I have found that most of the 240SXs offered for sale these days are some of the jankiest cars around. That makes today’s Nice Price or No Dice S13 such a standout. Let’s see if this seemingly tidy coupe has a price that’s just as outstanding.
If you live by the philosophy that you “gotta fake it ’til you make it,” then yesterday’s replica 1964 Cheetah might just be the car for you. At $37,500, it was, after all, a mere fraction of the price of what one of the 11 or so real Cheetahs would cost. And that’s if you could even find one for sale. Unfortunately for the repli-cheetah’s seller, few of you live by that “fake it/make it” mantra, and fully 72 percent of you found the car’s price too high, sending it scurrying with a No Dice loss.
Hey, let’s take a moment to look at Nissan’s current U.S. range. That’s comprised of a surprisingly robust lineup of sedans, along with a whole bunch of crossover/SUV options, two sizes of pickup, and a couple of electrics. Those are all well and good, but when it comes to Nissan, it’s been the company’s sports cars that have really been where it’s at.
These days, cars like the Fairlady Roadster and early Zs command big bucks among collectors and enthusiasts alike. The company’s other affordable sports car — the 1990s S13/S14 series — has gained favor with a very special and unique crowd, that being the Fast & the Furious drifter bunch.
As a result of that ardor for the RWD coupe, most of the cars you find for sale these days are clapped out and fart-canned beyond belief. Quite a few of them look like they should come with an industrial-sized container of Bondo and a tetanus booster. That’s what makes this 1989 Nissan 240SX seem so amazing. Well, that and the remarkable number of miles it has apparently amassed.
Those miles total 224,000 but before you go thinking that means it’s as spent as a toddler after the first day of kindergarten, you should know that the engine has been rebuilt and carries only 25,000 miles under its belt. There have also been a few other updates over time that seem to have kept the car fresh. In fact, the seller says of the car that it “runs and drives perfect,” and that it “needs nothing.”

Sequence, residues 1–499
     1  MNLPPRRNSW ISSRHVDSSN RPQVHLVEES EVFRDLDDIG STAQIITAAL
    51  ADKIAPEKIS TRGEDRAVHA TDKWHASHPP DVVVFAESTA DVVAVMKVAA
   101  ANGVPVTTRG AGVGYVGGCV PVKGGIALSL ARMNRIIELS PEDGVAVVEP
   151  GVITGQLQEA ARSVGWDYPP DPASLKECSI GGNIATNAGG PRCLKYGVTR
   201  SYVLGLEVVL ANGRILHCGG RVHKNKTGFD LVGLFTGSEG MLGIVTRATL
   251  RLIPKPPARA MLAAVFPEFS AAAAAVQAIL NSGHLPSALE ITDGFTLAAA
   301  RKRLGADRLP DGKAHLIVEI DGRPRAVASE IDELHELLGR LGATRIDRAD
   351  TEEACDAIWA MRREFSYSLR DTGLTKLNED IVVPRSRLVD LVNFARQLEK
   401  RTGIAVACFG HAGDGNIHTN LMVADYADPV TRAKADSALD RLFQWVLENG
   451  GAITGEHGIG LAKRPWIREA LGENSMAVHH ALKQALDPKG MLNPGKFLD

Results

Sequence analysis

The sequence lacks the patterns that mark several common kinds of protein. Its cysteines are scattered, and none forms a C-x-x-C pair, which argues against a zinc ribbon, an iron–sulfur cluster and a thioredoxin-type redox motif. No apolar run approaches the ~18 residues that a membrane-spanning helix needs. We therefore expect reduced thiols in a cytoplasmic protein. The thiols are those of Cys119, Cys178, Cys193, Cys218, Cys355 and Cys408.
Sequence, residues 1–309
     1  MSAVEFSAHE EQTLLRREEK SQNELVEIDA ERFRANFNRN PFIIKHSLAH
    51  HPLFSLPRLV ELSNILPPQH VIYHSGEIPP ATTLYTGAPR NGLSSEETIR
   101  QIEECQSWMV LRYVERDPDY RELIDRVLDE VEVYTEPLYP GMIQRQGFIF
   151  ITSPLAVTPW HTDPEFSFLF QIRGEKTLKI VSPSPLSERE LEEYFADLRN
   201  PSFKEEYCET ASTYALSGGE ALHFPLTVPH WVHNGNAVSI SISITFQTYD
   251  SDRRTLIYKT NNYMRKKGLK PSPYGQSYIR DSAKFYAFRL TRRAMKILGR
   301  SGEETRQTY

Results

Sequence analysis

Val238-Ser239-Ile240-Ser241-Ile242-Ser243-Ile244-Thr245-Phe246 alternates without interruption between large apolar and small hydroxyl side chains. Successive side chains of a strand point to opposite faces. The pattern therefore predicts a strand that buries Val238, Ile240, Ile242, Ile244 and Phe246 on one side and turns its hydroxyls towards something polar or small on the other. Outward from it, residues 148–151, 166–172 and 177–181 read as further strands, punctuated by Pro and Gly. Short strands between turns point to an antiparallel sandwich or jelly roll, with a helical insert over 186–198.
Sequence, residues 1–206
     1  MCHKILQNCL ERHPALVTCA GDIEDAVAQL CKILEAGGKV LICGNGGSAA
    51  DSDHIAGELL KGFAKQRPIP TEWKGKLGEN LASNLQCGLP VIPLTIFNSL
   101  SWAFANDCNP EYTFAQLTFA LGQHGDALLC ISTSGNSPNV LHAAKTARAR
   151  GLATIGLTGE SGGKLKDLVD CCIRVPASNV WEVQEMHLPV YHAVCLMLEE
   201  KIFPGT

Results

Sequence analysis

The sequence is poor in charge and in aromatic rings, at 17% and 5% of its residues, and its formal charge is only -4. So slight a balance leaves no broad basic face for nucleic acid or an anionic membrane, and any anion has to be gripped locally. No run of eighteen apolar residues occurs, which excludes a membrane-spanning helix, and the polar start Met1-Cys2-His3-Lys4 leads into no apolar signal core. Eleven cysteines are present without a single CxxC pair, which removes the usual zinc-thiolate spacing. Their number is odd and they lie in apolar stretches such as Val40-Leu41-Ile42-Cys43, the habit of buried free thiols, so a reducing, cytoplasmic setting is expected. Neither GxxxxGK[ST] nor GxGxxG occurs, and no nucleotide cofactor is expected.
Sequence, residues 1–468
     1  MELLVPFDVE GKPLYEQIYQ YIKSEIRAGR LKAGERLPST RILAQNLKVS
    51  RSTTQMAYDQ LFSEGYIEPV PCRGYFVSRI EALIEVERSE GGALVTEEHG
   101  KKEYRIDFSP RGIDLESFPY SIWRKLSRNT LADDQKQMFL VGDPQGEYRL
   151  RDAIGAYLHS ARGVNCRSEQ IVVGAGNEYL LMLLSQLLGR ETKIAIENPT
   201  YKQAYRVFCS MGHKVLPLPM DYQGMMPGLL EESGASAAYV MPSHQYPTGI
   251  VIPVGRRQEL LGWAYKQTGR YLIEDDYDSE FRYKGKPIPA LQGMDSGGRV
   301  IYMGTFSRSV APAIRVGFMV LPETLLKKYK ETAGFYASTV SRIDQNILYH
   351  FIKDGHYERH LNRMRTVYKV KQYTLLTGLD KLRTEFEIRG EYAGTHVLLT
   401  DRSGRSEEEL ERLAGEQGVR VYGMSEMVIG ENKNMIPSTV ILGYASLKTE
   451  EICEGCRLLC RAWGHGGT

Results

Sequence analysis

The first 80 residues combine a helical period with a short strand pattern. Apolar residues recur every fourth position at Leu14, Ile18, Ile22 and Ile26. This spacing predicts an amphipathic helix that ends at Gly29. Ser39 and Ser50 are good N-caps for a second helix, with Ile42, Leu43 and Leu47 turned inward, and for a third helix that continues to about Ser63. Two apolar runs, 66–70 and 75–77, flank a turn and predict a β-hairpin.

Overall, it looks to be one of the least janky S13s out there, and honestly, isn’t this one of the prettiest cars Nissan — or any other carmaker — has ever built? The silver paint may not be the sexiest hue, but it serves the car’s lines and black trim well. It also doesn’t appear to suffer any significant issue save for a scrape on the back bumper. There doesn’t seem to be any sort of road rot either. Another thing you might notice on the exterior is a decided lack of badging save for the one on the side window that’s actually painted on under the glass.
The interior looks to also have held up well enough over the years, although a carpet pad on the dash does not bode well for what lies beneath. The seats seem all intact, however, and yes, that is the standard upholstery, not some sort of aftermarket cover. This being a pre-airbag era car, it does have the annoying mouse belts which, as I think we can all agree, are annoying.
That rebuilt mill is the expected 2.4 liter SOHC KA24 four which was good from the factory for 134 horsepower and 150 lb-ft of torque. Here that’s backed up by a five-speed manual which, of course, drives the rear wheels. The suspension is independent all around and both front and rear strut towers have been cross-braced for extra stiffness. According to the ad, the car has been adult owned and never wrecked and carries a clean title as well as current registration. All that comes at a price of $12,000.
Now, because these cars are valued by the drifter crowd even the jankiest of those offered for sale are present asking kind of stupid money. One offered on Craigslist looks like it’s been a piece of yard art on someone’s farm for a decade and asks $3,500 to extract it from the weeds.
I bring that up as a way of easing you all into the thought of paying $12K for this seemingly tidy example.
With that in mind, what do you make of this 240SX and that $12,000 price tag? Does that seem like a deal after weighing the mileage against the condition? Or, is that just too much for this survivor to survive?
H/T to Don R. for the hookup!
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